"I have thought about that plan of flying provisions from upstate farms to New York City, but I am convinced it is not practicable because of the great weight of things like apples or other fruits and vegetables. Five hundred pounds or even a thousand pounds of any raw food stuffs would be a mere drop in the bucket in the food supply of New York City and the cost of getting it there would be approximately five hundred times as much as if it came in a freight car or even in a motor truck. Also, the State has no possible fund for paying any of the expense. . . ." (43)As the preceding and following letter illustrate, Roosevelt (as much as he might wish it) could not escape the responsibilities of government during the economic crisis. Soon after returning to New York he wrote a friend:
"I am just back from Warm Springs, where I tried somewhat in vain to get a little holiday. . . ." (44)Roosevelt did not visit Warm Springs in the spring of 1931, being very busy coping with matters in New York. Plus, he was educating himself privately on national concerns, and keeping a close eye on the Democratic National Committee - its members and their varying statements on policy matters. Though he had not yet publicly announced his candidacy for President, plenty of people were encouraging him to run -- especially in the South. "Roosevelt for President" clubs sprang up throughout the South in 1931 (including one in Meriwether County); he did little to discourage their enthusiasm, just watched them surreptitiously to make sure they were not tied too closely to official state organizations or were not using his name and popularity to promote local factionalism. Some journalists continually nagged him on if and when he would declare his candidacy. In frustration Roosevelt wrote to the chief political correspondent for the New York Times:
"Once upon a time an unfortunate individual was elected Governor of the State and found there was Much To Do running the State without dipping into National Problems. One day he foolishly did discuss a National Problem because he thought it had something to do with the Progress and Prosperity of his own State. Thereupon, an All-Wise Press hopped all over him and said that he was obviously seeking national honors. Having learned his lesson he stayed within the State. A little later a great international problem arose and the Press and the President of his country made an excellent suggestion. The Governor, however, having learned his lesson, said nothing. Thereupon, an All-Wise Press chided the said Governor for not commenting on National and International Affairs." (45)As talk of Roosevelt's potential run for President gained strength, the question arose as to his physical capabilities. These questions were put to rest when a writer for Liberty magazine followed Roosevelt around for several days in Albany, observing him at work. In addition, three doctors examined Roosevelt and offered their opinions to the writer. The article appeared in the July 25, 1931 issue. All three doctors found Roosevelt to be be perfectly capable of doing his job. In conclusion he wrote:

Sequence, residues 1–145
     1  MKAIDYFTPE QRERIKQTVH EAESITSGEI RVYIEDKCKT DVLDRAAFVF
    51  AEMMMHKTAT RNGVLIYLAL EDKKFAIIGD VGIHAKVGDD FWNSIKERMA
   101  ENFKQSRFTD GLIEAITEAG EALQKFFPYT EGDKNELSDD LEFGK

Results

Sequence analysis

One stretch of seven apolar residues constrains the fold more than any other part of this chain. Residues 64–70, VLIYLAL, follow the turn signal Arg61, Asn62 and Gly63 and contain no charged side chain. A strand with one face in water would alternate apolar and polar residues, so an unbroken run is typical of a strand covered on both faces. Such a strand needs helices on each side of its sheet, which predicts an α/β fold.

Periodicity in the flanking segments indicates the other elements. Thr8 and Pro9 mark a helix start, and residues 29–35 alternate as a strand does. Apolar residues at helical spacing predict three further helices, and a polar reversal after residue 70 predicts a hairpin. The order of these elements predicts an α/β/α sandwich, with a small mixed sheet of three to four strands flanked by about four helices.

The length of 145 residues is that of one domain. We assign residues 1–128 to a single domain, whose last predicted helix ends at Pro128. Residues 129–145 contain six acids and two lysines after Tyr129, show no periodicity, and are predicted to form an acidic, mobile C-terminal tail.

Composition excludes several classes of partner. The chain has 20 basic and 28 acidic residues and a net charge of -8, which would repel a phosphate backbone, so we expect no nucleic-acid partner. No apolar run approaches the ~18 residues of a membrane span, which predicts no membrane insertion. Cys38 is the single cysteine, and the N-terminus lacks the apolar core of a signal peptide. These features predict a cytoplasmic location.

". . . In fairness, then, to Franklin Roosevelt, let it be said that whether his traits of character indicate his fitness or unfitness for the presidency, he is physically fit." (46)A small touch of the absurd amongst the seriousness of the Depression managed to catch Roosevelt's eye, and he could not refrain from adding his comments. In early 1931 a controversy erupted in the South about the proper way to eat cornpone and potlikker. Huey Long, the flamboyant Louisiana politician, asserted cornpone should be dunked in potlikker, the editors of the Atlanta Constitution insisted it should be crumbled! From Hyde Park Roosevelt wrote, tongue-in-cheek:
The Columbus Ledger noted Roosevelt's arrival in
Warm Springs, and speculated on whether he might make an "inevitable"
political announcement, but he insisted on keeping politics out of this
visit. But the "Roosevelt for President" clubs were very active; the Meriwether
County club invited members of all other Georgia clubs (more than 60 total)